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1GR-FE OIL cooler

Discussion in 'Technical Chat' started by supralight, Dec 4, 2010.

  1. Dec 4, 2010 at 3:21 PM
    #1
    supralight

    supralight [OP] Well-Known Member

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    I could not find info about it here or on the net.

    How does the oil cooler of our engine works? Does it use coolant from the engine to cool the oil or just by tranfering heat to ambiant air? I know it is located at the base of the filter, it looks pretty small.

    Can this oil cooler, if using ambiant air, refrain my oil from becoming hot enough during very cold winter days?

    Also, for the transmission oil cooler, if it passes through the radiator, I guess it does not do anything untill the engine is hot enough to flow coolqnt through the radiator.

    Thx for those who will answer.
     
  2. Dec 4, 2010 at 3:36 PM
    #2
    Voodoo Rufus

    Voodoo Rufus Well-Known Member

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    The basic idea is that coolant circulates through the filter area to warm/cool the oil. It should not keep your oil from reaching proper temperature because your cooling system operates on a thermostat. The temperature will be moderated by it.

    The transmission cooler is a separate heat exchanger in front of the radiator. I do not believe it uses the engine coolant in any fashion.
     
  3. Dec 5, 2010 at 8:14 AM
    #3
    buddywh1

    buddywh1 Well-Known Member

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    Stock oil cooler is an interposer between the oil filter and the main filter mounting surface. It has water coolant running through it to cool the oil as it passes through the filter.

    I suppose it can be cooled no cooler than the normal operating temp of the coolant on cold days. It's important to stay at efficient operating temperature 'cause it's the only way Toyota'd be able to get emission's certfication.

    At cold start up on cold days (or running too-thick oil like some do) the thickened oil will probably trigger the bypass valve so it doesn't go to the filter, or cooler, at all. Just straight to the bearings.

    As for the transmission: it can't HEAT the transmission oil, but it will COOL it, until the thermostat opens and passes hot water to the radiator. Unless there's a temp valve for the ATF too...that is an interesting question! Especially since, those of us with tow packages have a supplemental transmission cooler in front of the radiator so it's always being cooled by that even when the radiator is flowing hot engine coolant!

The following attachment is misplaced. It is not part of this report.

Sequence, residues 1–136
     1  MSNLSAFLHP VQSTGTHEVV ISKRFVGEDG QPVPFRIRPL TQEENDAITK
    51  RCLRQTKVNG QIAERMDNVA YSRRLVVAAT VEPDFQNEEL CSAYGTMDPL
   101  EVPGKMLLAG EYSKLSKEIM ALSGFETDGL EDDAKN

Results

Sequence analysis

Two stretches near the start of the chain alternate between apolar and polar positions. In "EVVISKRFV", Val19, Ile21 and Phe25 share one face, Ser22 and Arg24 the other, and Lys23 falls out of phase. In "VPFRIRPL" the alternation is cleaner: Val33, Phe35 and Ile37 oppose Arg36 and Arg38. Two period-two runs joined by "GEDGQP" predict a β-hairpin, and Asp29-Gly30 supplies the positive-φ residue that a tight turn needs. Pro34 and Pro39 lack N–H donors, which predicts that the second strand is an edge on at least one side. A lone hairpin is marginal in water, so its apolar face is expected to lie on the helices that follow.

4. Dec 5, 2010 at 9:26 AM
    #4
    supralight

    supralight [OP] Well-Known Member

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    Ok thanks for the info.

    I guess, then, that the oil cooler has an impact on how fast the engine will heat-up in winter temps, since it also have to heat that 6 liters of oil also.

    As for transmission cooler as I see it, I hope it does have a temp activated valve, because if not, whit oil passing through that front radiator in cold winter day, trans oil will take forever to heat-up
     
  5. Dec 5, 2010 at 10:06 AM
    #5
    buddywh1

    buddywh1 Well-Known Member

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    You might be right about the transmission oil...but I'm not so sure it matters with the tranny...at least for lubrication. Maybe for shifting as the hydraulics will be affected, but you'd be able to gauge that by it's performance.

    I'm not sure what you mean...the quantity of oil in the oil cooler is closer to 6 tablespoons than 6 liters. The total quantity of oil in the engine may be about 6 liters and it has to heat that up in any circumstance. The coolant doesn't flow through the oil cooler until the thermostat opens...when the engine reaches operating temperature.
     
  6. Dec 5, 2010 at 12:09 PM
    #6
    supralight

    supralight [OP] Well-Known Member

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    As for tranny oil temp, I have observed that it will be more reluctant to lock-up when cold, added with the fact that the oil is more viscous, that might affect fuel economy in some way.

    As for the oil cooler, didn't get the part about coolant not circulating through it when cold, thanks for clarifying.
     
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